Sam Wang penned an article on the impact of the government shutdown on Republicans and their House seats. It's titled "Republicans could lose their House majority because of the shutdown":
Since the election is over a year away, it is hard to predict how this will translate to future seat gain/loss. If the election were held today, Democrats would pick up around 30 seats, giving them control of the chamber. I do not expect this to happen. Many things will happen in the coming 12 months, and the current crisis might be a distant memory. But at this point I do expect Democrats to pick up seats next year, an exception to the midterm rule.
Nate Silver was the more famous of the election prediction pundits from the last Presidential election, but among people who followed that space closely Sam Wang's Princeton Election Consortium was just as much a must-follow. Silver's relaunch of FiveThirtyEight.com hasn't arrived yet, but in the meantime he penned a quick piece over at Grantland, his temporary home.
1. The media is probably overstating the magnitude of the shutdown's political impact.
Remember Syria? The fiscal cliff? Benghazi? The IRS scandal? The collapse of immigration reform? All of these were hyped as game-changing political moments by the news media, just as so many stories were during the election last year. In each case, the public's interest quickly waned once the news cycle turned over to another story. Most political stories have a fairly short half-life and won't turn out to be as consequential as they seem at the time.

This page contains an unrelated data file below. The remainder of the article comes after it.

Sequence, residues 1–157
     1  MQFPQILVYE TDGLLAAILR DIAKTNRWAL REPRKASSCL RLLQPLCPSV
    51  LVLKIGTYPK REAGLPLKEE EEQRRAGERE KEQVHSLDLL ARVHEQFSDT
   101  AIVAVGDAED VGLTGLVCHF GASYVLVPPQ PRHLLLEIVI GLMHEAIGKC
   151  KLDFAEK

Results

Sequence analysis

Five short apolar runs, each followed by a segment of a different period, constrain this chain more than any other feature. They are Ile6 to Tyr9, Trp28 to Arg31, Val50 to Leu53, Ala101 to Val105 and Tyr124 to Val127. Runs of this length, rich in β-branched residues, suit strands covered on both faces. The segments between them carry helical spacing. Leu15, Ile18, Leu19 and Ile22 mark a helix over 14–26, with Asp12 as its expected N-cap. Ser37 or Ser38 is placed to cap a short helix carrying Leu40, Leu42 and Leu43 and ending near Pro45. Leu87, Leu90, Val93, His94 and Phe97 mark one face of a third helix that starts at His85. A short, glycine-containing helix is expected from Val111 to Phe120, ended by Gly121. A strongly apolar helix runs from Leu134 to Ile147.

Some took these two pieces as an opportunity to pit the two pundits against each other, but as Wang notes, the two are not as far apart as provocative headlines might make it seem. Wang does think this time could be different, though.
Multiple polls, including detailed onerom NBC/WSJ, show that public sentiment has turned against the GOP. Under the radar, gerrymandered districts are swinging much harder than I was expecting. If the election were today, Democrats would control the House by about 50 seats. That will fade, but by how much?
Silver lists other events that didn’t move opinion: Benghazi, and the IRS business, and Syria. But the shutdown has, bigtime. I agree with him that most pundits emit bulls**t, which is why I am working on a prediction model. Right now, the model is saying: as long as the GOP stays on its current path, where the House goes next fall is an even-money bet.
How this impacts the next election will be a fascinating test of whether this gambit by the extremists in the Republican Party really boomerangs on them. Any system that divorces costs from actions really kills the feedback loop that's needed for continuous improvement.